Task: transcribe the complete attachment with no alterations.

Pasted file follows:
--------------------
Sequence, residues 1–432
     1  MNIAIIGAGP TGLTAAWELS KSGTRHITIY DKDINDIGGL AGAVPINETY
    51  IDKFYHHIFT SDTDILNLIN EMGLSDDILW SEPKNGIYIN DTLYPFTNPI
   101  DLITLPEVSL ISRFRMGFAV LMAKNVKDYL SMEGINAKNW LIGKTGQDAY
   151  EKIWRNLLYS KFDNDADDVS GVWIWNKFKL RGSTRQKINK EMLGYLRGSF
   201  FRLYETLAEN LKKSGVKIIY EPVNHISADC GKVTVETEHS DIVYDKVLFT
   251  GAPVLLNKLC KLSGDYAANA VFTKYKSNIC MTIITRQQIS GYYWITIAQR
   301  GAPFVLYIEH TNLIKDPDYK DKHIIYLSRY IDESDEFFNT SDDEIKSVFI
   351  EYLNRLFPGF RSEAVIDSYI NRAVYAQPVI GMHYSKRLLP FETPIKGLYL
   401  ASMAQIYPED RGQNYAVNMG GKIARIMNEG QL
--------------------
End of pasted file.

Sequence, residues 1–432
     1  MNIAIIGAGP TGLTAAWELS KSGTRHITIY DKDINDIGGL AGAVPINETY
    51  IDKFYHHIFT SDTDILNLIN EMGLSDDILW SEPKNGIYIN DTLYPFTNPI
   101  DLITLPEVSL ISRFRMGFAV LMAKNVKDYL SMEGINAKNW LIGKTGQDAY
   151  EKIWRNLLYS KFDNDADDVS GVWIWNKFKL RGSTRQKINK EMLGYLRGSF
   201  FRLYETLAEN LKKSGVKIIY EPVNHISADC GKVTVETEHS DIVYDKVLFT
   251  GAPVLLNKLC KLSGDYAANA VFTKYKSNIC MTIITRQQIS GYYWITIAQR
   301  GAPFVLYIEH TNLIKDPDYK DKHIIYLSRY IDESDEFFNT SDDEIKSVFI
   351  EYLNRLFPGF RSEAVIDSYI NRAVYAQPVI GMHYSKRLLP FETPIKGLYL
   401  ASMAQIYPED RGQNYAVNMG GKIARIMNEG QL